Claude Monet, Impression: soleil levant (1872; olio su tela, 48 x 63 cm; Parigi, Muse Marmottan Monet)
Claude Monet, Impression: soleil levant (1872; oil on canvas, 48 x 63 cm; Paris, Muse Marmottan Monet)

Claude Monet, I papaveri (1873; olio su tela, 50 x 65 cm; Parigi, Muse d'Orsay)
Claude Monet, The Poppies (1873; oil on canvas, 50 x 65 cm; Paris, Muse d’Orsay)

Claude Monet, Covoni a Giverny (1889; olio su tela, 64 x 81 cm; Mosca, Museo Puškin)
Claude Monet, Haystacks at Giverny (1889; oil on canvas, 64 x 81 cm; Moscow, Pushkin Museum)

Monet’s works. From the early stages of his career to the Water Lilies

Monet, throughout his career, always remained consistent with his painterly approach. Starting, for example, with the 1865 work, the portrait of Camille Doncieux, the layout is decidedly traditional. The main subjects chosen later are then different: he likes to depict landscapes, architectural structures, from different points of view and thus through different lights, following the changes of the day. The subjects of his paintings are not particular characters; what is of interest is the whole, the crowd. In the work Boulevard des Capucines, he depicts the crowded life of a Parisian street, without dignifying the faces of the passersby or the carriages with importance. The intent is to capture the whole, quickly, before the image just seen disappears from the artist’s mind. His is a soft, fluid brushstroke. The evolution of his works is also associated with exhibitions with the Impressionist movement, an experience that ended in 1886 with the last group exhibition. Some of the most important works of the period in question, 1874-1886, are the aforementioned Impression: soleil levant, the portrait to Carolus-Duran of 1878, and Monet’s The Garden and House at Vétheuil (1880). Another characteristic of his painting is his frequent choice of large paintings; not all of them are, of course, but it is interesting how the artist exceeds, as early as the late 1960s, two meters in size in some canvases.

From the 1980s, Monet began to make painted works in series: in fact, the artist is interested in depicting same subject in different light conditions, thus painting at night or during the day, rain or shine, from one point of view or another. Central to this path is the series dedicated to Rouen Cathedral, dated 1892: its intention is to record all the changes in light and atmosphere, almost as if the artist wanted to reproduce the passage of time. In reality, the artist simply intended to document, through his canvas, the differences in brightness and variations in atmosphere, always keeping the same viewpoint or varying it slightly.

Monet juxtaposes pure colors, without blending them together. In 1884, during an Italian sojourn, he painted views of western Liguria, fascinated by the landscape, the splendid vistas and the colors: his Italian sojourn was also driven by a desire to study different light conditions, that of the warm Ligurian Riviera(read also an in-depth study of Monet’s “Ligurian paintings”).

In 1909 he wrote, “Every color we see arises from the influence of its neighbor.” About the Rouen Cathedral series he states that he “... portray the way his eye sees the cathedral.” Important to Monet is the role that perception plays: how the artist sees something, and then reproduces it on canvas. Each painting is thus different from another, because the eye perceives its surroundings in ever different ways, sensitive in turn to changing climatic conditions. This is a key concept, later taken up in the early 20th century by the abstractionists.

Monet’s works of the Giverny period were conditioned by the illnesses that affected the artist. The Water Lilies, the last famous series, were for a long time associated with the eventual madness of the ailing artist before he died. In reality, the water lilies themselves, long misunderstood, are strained toward a new style, modern, as foretold earlier, almost abstract, innovations essential to twentieth-century art. Water lilies are water flowers that reflect their own image in different ways, depending on the light; this is what intrigues the artist. Perspective is completely nullified here: the water lilies occupy space, with no distinction between foreground or background. The brushstrokes seem to be increasingly rapid, in order to capture the moment. The Water Lilies series, begun in 1897, then interrupted and resumed starting in 1914, is the most experimental of the late phase of Monet’s career, with some elements that almost seem to align with the emerging abstractionism ( Vasily Kandinsky’s first abstract works date from 1910): in some of the paintings the viewer sees only the water and the water lilies, without the viewer therefore having any points of reference. The artist thus leads the viewer into an almost fantastic world, where the only real fact is the presence of the water lilies, and the landscape appears reflected in the water, and therefore in a certain way unreal and dreamlike.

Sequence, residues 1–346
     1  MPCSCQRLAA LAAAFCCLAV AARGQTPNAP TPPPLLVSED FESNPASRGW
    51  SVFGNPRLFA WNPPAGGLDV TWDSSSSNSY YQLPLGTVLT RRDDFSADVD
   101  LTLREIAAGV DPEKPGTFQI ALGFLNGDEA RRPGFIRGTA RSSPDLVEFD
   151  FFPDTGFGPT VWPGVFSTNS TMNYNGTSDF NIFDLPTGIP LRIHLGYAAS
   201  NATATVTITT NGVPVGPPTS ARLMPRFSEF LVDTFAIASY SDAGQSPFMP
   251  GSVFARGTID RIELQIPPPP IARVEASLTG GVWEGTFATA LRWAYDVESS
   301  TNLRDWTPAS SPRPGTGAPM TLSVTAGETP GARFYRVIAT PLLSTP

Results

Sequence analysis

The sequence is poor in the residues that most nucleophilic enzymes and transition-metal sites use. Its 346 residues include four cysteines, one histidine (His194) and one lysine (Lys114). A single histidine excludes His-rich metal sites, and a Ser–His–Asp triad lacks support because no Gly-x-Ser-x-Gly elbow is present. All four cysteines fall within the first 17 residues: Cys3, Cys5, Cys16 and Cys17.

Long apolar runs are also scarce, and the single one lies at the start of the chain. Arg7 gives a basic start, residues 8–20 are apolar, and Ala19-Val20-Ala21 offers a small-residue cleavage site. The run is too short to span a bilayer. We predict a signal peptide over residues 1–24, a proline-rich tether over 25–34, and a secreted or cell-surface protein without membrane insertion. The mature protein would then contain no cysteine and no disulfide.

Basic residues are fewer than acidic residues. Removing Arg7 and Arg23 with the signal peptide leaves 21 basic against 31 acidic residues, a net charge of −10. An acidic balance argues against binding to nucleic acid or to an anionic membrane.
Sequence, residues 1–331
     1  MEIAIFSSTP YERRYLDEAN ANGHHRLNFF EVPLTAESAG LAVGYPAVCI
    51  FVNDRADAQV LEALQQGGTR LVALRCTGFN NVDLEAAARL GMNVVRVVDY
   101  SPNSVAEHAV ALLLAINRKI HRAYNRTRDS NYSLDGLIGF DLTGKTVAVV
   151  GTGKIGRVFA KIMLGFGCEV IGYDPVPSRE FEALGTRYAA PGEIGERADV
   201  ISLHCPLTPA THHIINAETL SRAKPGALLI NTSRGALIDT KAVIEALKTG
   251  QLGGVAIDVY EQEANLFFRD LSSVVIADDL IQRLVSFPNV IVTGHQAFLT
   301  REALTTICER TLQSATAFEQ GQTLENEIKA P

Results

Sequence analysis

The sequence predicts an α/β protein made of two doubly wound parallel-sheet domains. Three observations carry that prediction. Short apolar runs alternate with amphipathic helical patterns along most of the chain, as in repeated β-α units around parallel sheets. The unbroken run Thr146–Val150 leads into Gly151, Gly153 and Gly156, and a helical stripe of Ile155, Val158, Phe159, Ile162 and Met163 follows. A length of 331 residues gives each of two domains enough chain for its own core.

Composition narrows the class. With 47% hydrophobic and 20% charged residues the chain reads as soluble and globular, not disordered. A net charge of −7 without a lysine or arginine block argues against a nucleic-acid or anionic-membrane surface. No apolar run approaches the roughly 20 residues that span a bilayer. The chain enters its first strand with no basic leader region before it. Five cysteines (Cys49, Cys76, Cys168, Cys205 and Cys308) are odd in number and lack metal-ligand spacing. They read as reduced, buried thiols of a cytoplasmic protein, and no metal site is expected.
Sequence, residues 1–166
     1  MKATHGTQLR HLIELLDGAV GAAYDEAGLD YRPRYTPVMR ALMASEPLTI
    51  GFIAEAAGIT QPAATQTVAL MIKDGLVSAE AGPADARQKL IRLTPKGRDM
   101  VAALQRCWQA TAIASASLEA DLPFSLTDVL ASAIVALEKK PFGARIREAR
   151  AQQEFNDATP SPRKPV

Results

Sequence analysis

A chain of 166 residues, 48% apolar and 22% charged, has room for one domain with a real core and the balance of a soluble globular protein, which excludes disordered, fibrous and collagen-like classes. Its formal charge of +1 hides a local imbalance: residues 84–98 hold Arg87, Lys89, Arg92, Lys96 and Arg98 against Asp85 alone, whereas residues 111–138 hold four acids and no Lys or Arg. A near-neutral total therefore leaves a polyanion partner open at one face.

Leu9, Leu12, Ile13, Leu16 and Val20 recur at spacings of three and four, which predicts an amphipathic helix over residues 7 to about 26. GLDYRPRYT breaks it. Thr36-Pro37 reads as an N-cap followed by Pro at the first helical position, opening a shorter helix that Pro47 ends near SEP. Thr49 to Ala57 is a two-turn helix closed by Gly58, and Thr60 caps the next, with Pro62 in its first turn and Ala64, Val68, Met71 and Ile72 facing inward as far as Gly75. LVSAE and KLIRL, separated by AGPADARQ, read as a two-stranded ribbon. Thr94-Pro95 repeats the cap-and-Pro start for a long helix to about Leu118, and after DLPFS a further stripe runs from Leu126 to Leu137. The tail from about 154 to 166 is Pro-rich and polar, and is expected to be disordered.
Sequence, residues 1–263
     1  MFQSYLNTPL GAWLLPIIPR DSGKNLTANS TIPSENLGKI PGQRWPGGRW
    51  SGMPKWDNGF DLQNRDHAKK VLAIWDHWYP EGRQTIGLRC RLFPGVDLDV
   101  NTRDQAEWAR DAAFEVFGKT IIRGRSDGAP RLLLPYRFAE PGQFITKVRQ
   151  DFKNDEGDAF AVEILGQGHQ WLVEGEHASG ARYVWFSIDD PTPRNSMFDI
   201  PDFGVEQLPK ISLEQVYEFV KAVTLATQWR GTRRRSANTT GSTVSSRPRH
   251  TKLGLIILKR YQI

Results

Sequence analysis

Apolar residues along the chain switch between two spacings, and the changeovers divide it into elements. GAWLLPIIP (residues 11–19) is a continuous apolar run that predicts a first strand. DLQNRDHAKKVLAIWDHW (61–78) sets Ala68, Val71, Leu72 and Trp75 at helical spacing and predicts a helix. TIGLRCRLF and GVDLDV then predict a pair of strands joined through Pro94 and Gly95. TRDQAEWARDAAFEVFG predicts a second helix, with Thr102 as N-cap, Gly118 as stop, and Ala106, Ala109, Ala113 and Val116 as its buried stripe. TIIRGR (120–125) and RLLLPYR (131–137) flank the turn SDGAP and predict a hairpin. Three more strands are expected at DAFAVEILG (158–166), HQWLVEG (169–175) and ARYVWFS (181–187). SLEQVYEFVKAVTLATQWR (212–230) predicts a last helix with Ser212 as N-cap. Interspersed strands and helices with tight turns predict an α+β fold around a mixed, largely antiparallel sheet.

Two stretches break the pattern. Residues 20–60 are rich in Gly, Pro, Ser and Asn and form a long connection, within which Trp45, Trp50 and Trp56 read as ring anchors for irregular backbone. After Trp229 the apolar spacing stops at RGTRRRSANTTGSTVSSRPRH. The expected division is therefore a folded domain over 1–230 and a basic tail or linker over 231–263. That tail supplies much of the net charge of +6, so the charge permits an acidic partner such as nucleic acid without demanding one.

Claude Monet, Giardino a Bordighera (1884; olio su tela, 65,5 x 81,5 cm; San Pietroburgo, Hermitage)
Claude Monet, Garden at Bordighera (1884; oil on canvas, 65.5 x 81.5 cm; St. Petersburg, Hermitage)

Claude Monet, La Cattedrale di Rouen in pieno sole (1894; olio su tela, 107 x 73 cm; Parigi, Muse d'Orsay)
Claude Monet, Rouen Cathedral in Full Sun (1894; oil on canvas, 107 x 73 cm; Paris, Muse d’Orsay)

Claude Monet, Ninfee rosa (1898; olio su tela, 81,5 x 100 cm; Roma, Galleria Nazionale d'Arte Moderna e Contemporanea)
Claude Monet, Pink Water Lilies (1898; oil on canvas, 81.5 x 100 cm; Rome, National Gallery of Modern and Contemporary Art)

Where to see paintings by Monet

In Italy to see paintings by Monet you must go to the Galleria d’Arte Moderna e Contemporanea in Rome, where Pink Water Lilies from 1898 is preserved (it is one of the few Italian museums where Monet’s works are found). To see other works, a visit to some museums in France is recommended: in Paris, the painting Impression: soleil levant is kept at the Musée Marmottan Monet; at the Musée de l’Orangerie, the Water Lilies series, donated by the artist, is on display. The series The Cathedral of Rouen can be seen at the Musée d’Orsay (the main museum of reference for the Impressionists’ works, where many of Monet’s works are also kept), along with other works such as Women in the Garden of 1866-67 and The Poppies of 1873.

Also in France, at the Claude Monet Foundation in Giverny, it is possible to visit the house and gardens. Fortunately for fans of Impressionist art, exhibitions on Monet are often organized here in Italy, giving the opportunity to see both paintings held within private collections and through loans from the museums listed above.

Claude Monet. Life and works of the father of Impressionism
Claude Monet. Life and works of the father of Impressionism